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There are several hundred “mother tongues” in India—the 1961 census recognized 1,652.  According to the 2001 Census, 30 languages were spoken by more than one million native speakers, and 122 languages by more than 10,000 speakers. Beside Hindi, other languages are spoken in specific regions of India, for example: Kashmiri (found on the Pakistani border), Punjabi, Nepali (found on the border of Nepal), Assamese, Bengali, and Telugu (found in southern India, including where we are—in the city of Hyderabad).



In addition to the large number of languages in India, there are also many different dialects. Choosing any single language as an official language presents serious problems for those whose “mother tongue” is different from the “chosen” language. This problem is realized by the boards of education across India. They recognize the need for training people in one common language.

In Andhra Pradesh, the state in which Hyderabad is located, students have to learn English and the chosen regional language—either Telugu of Urdu. In addition to this, they must learn another language, like Hindi, as a special language subject.

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In British India, English was the sole language used for administrative purposes as well as for higher education. When India became independent in 1947, the Indian legislators had the challenge of choosing a language for official communication. They could make Hindi the official language, since there was a large percentage of Hindi speakers in India, about 43%. They could make English the official language; this was preferred by non-Hindi speakers. Or, finally, they could declare both Hindi and English as official languages and give each state the freedom to choose.

In 1950, the Indian constitution declared Hindi (in Devanagari script) to be the official language of the union. However, English was also used for the communication of the Central Government. Most state government documentation is prepared in three languages: English, Hindi, and the official language of the local state.

The first major linguistic conflict, known as the Anti-Hindi Agitations of Tamil Nadu, took place in Tamil Nadu against the implementations of Hindi as the sole official language of India. The use of English by the government was supposed to fade out by 1965, but the idea of this changeover created a lot of alarm amongst the non-Hindi speaking areas of India. This unrest promoted Parliament to enact the Official Languages Act in 1930, which provided for the continued use of English for official purposes along with Hindi, even after 1965.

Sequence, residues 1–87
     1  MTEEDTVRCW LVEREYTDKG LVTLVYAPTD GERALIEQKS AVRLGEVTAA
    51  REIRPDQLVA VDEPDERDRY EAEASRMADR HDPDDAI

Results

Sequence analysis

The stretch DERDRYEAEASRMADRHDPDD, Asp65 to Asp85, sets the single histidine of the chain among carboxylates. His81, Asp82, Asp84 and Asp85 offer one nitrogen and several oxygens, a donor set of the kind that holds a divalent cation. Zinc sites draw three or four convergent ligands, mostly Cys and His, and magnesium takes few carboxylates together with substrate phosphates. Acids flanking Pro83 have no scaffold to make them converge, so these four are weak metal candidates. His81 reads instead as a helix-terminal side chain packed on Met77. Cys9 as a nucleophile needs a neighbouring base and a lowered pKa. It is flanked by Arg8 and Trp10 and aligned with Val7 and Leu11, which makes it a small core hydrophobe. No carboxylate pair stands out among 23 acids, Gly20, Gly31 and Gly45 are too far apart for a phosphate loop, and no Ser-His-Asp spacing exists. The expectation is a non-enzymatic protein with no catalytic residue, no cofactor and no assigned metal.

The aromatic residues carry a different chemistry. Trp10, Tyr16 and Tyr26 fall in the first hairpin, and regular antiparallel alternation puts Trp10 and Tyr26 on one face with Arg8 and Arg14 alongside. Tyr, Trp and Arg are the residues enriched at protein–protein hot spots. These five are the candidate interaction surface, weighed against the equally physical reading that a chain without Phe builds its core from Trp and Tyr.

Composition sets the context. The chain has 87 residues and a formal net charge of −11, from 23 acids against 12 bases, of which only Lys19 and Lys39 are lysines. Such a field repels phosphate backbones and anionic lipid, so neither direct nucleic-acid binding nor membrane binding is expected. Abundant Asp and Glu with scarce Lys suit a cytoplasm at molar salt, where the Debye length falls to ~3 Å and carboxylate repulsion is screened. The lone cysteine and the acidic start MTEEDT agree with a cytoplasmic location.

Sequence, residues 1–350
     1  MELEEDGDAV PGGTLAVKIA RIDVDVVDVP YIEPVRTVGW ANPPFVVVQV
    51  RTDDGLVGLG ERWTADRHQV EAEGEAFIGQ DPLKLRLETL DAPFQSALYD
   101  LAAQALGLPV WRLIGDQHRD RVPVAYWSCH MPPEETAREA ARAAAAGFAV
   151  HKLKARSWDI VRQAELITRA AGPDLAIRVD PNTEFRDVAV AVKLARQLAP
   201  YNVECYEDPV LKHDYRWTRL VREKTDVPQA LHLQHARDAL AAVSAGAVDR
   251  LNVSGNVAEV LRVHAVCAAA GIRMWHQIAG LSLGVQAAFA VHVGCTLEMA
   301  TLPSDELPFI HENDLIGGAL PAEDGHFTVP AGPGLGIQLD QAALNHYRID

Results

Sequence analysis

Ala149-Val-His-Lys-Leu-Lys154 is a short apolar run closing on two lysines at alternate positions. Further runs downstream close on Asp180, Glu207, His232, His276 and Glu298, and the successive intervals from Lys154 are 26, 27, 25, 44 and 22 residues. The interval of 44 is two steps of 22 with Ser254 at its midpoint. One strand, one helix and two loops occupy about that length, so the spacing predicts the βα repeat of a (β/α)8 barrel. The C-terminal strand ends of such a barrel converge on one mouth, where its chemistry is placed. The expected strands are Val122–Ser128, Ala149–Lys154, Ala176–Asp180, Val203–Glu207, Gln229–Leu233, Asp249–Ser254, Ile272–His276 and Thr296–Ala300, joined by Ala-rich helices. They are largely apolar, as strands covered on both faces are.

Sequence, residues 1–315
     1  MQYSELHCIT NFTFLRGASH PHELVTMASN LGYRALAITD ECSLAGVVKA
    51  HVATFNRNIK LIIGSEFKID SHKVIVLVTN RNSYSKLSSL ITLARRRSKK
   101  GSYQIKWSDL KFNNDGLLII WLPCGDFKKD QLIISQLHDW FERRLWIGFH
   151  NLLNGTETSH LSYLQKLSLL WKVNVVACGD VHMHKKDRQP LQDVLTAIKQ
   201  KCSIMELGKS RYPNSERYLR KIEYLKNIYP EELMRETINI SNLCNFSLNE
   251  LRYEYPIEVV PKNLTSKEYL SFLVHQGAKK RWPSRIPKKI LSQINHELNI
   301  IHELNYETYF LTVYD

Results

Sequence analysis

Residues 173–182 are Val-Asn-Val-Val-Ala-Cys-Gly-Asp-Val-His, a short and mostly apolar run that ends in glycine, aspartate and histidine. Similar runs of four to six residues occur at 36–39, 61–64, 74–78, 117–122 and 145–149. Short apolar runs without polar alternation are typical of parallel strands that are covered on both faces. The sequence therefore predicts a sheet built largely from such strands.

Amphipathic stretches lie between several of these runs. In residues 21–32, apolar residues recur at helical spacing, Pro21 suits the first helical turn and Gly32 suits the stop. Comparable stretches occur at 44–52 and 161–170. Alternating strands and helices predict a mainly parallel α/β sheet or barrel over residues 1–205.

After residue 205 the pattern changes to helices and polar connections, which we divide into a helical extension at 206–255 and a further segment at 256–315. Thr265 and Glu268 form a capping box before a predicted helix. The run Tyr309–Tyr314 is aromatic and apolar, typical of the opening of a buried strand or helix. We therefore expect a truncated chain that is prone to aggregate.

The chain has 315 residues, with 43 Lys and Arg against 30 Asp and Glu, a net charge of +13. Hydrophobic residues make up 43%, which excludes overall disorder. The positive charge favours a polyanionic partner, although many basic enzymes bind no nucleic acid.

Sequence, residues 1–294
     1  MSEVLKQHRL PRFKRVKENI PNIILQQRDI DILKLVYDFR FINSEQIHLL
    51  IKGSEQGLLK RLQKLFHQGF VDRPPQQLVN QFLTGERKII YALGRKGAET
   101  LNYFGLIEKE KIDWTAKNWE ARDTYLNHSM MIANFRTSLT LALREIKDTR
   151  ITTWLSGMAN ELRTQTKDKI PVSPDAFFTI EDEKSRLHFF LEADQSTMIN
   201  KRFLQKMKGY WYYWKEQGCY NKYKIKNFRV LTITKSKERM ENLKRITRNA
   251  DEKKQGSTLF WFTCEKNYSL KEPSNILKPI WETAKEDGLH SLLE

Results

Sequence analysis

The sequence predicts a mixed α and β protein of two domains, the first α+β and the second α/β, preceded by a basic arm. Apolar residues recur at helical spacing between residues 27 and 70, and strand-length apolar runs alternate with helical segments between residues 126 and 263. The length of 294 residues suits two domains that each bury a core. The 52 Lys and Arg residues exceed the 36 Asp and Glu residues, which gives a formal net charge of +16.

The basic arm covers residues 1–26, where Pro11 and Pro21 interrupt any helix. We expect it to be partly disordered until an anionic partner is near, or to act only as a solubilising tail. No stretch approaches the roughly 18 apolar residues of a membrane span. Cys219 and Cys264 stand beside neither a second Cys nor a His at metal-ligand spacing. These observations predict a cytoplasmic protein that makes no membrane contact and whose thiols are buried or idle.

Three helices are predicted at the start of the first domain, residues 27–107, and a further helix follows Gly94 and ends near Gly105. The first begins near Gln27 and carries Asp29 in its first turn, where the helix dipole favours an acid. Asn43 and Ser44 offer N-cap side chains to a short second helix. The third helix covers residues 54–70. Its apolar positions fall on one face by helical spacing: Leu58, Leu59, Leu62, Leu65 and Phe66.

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According to Gotimukul, “People are crazy about English. English gives a population international status.”   But, she said, if the Indian government did away with English, it would “give importance to Hindi, and therefore, India.”



Panic Street Lawyer: Visit Pittsburgh law review

Sunday, 14 April 2013 05:51 AM Written by

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Based on the increased amount of motor vehicle traffic in and around Pittsburgh this weekend, I am guessing that there has also been increased traffic on the Visit Pittsburgh website. In addition to the out-of-towners who are here for the 2013 Frozen Four, i.e. the Men’s Division I College Hockey Championship at Consol Energy Center, there are scholars and event producers from across the country on the University of Pittsburgh campus for Focus-Brasil U-Circuit.

This newspaper included in its Wednesday’s Frozen Four preview section a two-page “visitor’s guide” to Pittsburgh, mentioning things to do when not at Thursday or Saturday’s games. When the city hosts events which draw national or international visitors who have never been here before, I wonder what type of impression they will get of our attractions, the restaurants, and the people. I also wonder how conscious Pittsburghers are of the spotlight being pointed on us during these events.

20130412 luxprisons photocom87701225 150A number of states across the country have tinkered with the idea of making inmates pay to stay in state prisons or county jails. Critics say the idea of expecting prisoners to pay is absurd. Some have suggested that extending prison stays because an inmate can’t pay is not only bizarre but creates essentially a “debtors prison.” Others have suggested that pay-to-stay is “a poor person’s tax.”

California has taken it a step further. An inmate in California, in any number of jails, can pay for an upgrade.

Some inmates at the Glendale City Jail, for $85 a day, sleep in separate quarters from other inmates, have access to phones, showers and day-room areas. It is not all fun and games, inmates must perform laundry and janitorial tasks inside the jail to get their two cold meals and one hot meal each day.

"I don't feel that burden should be placed on the taxpayers," Jail Administrator Juan Lopez said, adding that inmates "should pay their own way." And get better treatment if they have the money.